If he didn’t know it before, the Rev. Stephen Fichter found out that sports were a big deal in his community when a family told him they not be attending his Catholic parish from Good Friday through Easter Sunday to attend their child’s volleyball tournament. So he decided to study the phenomenon.
He surveyed 341 Catholics in one congregation who reported attending only on Easter and Christmas. He said he thought many people would cite disagreement with church teachings or negative experiences. But only 7 percent of respondents gave either of those reasons.
More than two-thirds said the reason they attend only twice a year was that they were too busy with other commitments. Sixteen percent admitted they were lazy. Fichter reported the findings at the joint annual meeting of the Society for the Scientific Study of Religion and the Religious Research Association.
But instead of complaining about the competition and putting parents down for misplaced choices, he found that the best solutions seem to find ways to adapting to the environment we are in.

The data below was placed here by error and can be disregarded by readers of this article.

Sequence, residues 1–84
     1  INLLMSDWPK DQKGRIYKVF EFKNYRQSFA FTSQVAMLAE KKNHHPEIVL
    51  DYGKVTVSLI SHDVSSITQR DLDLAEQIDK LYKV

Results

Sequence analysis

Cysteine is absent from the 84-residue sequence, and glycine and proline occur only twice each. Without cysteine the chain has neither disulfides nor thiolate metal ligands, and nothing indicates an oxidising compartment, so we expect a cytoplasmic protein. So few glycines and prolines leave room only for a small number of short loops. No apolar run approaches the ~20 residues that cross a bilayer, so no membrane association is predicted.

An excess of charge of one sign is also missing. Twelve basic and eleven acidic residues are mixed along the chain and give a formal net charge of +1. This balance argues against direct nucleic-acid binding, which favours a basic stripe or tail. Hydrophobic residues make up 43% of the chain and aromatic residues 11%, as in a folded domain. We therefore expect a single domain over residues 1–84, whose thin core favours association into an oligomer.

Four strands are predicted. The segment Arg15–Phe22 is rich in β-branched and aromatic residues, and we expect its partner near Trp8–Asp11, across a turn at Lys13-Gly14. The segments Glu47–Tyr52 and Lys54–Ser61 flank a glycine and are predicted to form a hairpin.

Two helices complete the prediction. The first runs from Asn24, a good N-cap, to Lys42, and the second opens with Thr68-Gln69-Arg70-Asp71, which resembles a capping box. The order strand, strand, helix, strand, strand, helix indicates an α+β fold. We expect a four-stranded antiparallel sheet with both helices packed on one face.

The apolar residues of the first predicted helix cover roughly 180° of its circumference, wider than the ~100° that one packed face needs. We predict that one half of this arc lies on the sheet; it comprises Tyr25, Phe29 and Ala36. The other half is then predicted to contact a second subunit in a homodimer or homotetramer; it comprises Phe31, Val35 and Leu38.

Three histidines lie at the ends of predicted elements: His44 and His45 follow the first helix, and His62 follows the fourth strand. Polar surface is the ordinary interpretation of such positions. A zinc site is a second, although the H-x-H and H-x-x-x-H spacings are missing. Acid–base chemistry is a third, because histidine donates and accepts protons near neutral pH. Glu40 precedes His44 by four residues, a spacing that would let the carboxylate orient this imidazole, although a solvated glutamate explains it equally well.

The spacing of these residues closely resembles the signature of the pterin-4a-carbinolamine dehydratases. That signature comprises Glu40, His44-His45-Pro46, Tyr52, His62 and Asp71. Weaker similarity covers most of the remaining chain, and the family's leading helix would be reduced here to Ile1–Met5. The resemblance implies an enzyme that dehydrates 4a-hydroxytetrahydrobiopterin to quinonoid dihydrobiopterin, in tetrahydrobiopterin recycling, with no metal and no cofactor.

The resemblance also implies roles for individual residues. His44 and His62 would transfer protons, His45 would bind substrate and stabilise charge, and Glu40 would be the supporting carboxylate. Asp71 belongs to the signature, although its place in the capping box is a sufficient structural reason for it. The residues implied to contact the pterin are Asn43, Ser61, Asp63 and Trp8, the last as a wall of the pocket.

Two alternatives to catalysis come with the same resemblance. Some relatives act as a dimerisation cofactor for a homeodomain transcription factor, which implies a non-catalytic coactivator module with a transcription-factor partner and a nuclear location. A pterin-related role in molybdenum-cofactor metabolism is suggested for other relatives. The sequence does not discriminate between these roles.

His work, along with others, is described by the Association of Religion Data Archives.
One response has been to add services at alternative times such as Saturday and Sunday evenings to provide more opportunities for parents and children to attend both sporting events and church.
What also has seemed to be helpful is for churches to offer their own sports programming.
Research has shown congregations that offer multiple opportunities for members to participate in church life are more likely to experience growth.
What if a sporting program could become a “way in” to the community life of a congregation?
Offering sports programs “is a point of entry,” said David Roozen, director of the Hartford Institute for Religion Research. “Often the biggest competition is for young families with kids.”
Some 36 percent of congregations in the 2010 Faith Communities Today survey, including more than four in 10 evangelical Protestant congregations, reported at least some emphasis on team sports, fitness activities and exercise classes.
“Evangelicals are much more aware that they really have a competing worldview with the secular world,” Roozen said.
And the combination seems to have its benefits. More than two-thirds of congregations who said sports and fitness programs were a specialty of the congregation reported more than a 10 percent growth in attendance from 2000 to 2010. In contrast, only a third of churches with no athletic programs reported such growth.
Survive and advance is one mantra of teams in the NCAA basketball tournament culminating in the Final Four. One idea for churches struggling in a sports-obsessed culture may be a similar strategy: Adapt and advance.